Elevated CO2 affects kelp nutrient quality: a case study of Saccharina japonica from CO2 enriched coastal mesocosm systems

Kelps provide critical services for coastal food chains and ecosystem, and they are important food source for some segments of human population. Despite their ecological importance, little is known about long‐term impacts of elevated CO2 (eCO2) on nutrient metabolites in kelps and the underlying regulation mechanisms. In this study, the kelp Saccharina japonica was cultured in CO2 enriched coastal mesocosm systems for up to 3 months. We found that though eCO2 significantly increased the growth rate, carbon concentrations and C/N ratio of S. japonica, it had no effect on total nitrogen and protein contents at the end of cultivation period. Meanwhile it decreased the lipid, magnesium, sodium, calcium contents and changed the amino acid and fatty acid composition. Combining the genome‐wide transcriptomic and metabolic evidence, we obtained a systems‐level understanding of metabolic response of S. japonica to eCO2. The unique ornithine‐urea cycle (OUC) and aspartate‐argininosuccinate shunt (AAS), coupled with TCA cycle balanced the carbon and nitrogen metabolism under eCO2 by providing carbon skeleton for amino acid synthesis and reduced power for nitrogen assimilation. This research provides a major advance in the understanding of kelp nutrient metabolic mechanism in the context of global climate change, and such CO2‐induced shifts in nutritional value may induce changes in the structure and stability of marine trophic webs and affect the quality of human nutrition resources.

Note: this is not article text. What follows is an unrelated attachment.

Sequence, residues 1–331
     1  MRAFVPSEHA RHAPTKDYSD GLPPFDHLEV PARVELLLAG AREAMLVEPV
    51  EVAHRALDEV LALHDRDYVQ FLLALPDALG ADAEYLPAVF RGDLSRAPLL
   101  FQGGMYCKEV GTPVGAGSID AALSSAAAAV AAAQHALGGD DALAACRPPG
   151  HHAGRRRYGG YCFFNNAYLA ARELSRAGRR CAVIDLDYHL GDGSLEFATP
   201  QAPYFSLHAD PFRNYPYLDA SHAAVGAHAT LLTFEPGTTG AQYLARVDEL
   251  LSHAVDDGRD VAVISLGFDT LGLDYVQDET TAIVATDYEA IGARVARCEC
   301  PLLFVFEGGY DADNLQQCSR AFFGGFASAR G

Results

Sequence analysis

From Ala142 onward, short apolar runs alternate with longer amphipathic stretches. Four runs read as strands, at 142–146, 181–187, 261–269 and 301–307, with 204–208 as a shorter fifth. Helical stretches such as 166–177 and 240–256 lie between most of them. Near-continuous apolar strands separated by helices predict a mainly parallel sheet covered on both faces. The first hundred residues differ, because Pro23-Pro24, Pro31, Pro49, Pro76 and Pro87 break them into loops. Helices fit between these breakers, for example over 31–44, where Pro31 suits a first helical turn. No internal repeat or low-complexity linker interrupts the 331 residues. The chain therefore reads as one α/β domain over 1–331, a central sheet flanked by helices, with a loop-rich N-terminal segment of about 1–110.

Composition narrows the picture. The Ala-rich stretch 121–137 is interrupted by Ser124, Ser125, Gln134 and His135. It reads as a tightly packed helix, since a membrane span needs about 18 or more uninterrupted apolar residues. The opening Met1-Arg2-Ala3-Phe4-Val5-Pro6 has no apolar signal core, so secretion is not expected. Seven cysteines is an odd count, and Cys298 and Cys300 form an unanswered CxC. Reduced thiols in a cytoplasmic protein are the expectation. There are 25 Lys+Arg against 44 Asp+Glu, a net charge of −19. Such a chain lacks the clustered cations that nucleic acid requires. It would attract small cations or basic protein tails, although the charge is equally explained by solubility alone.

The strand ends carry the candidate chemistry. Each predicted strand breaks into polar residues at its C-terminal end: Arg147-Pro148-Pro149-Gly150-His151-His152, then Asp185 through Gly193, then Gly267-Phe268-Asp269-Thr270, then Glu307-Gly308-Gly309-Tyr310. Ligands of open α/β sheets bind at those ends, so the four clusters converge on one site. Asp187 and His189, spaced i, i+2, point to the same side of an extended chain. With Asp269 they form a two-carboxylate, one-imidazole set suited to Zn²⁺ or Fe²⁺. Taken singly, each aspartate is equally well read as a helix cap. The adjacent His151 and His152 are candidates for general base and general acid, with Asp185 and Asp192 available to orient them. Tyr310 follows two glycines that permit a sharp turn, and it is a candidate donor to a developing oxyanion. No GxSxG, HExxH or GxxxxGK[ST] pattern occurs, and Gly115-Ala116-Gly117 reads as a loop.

Zhang X., Xu D., Han W., Wang Y., Fan X., Loladze I., Gao G., Zhang Y., Tong S. & Ye N., in press. Elevated CO2 affects kelp nutrient quality: a case study of Saccharina japonica from CO2 enriched coastal mesocosm systems. Journal of Phycology. Article (subscription required).

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Ocean acidification in the IPCC AR5 WG II

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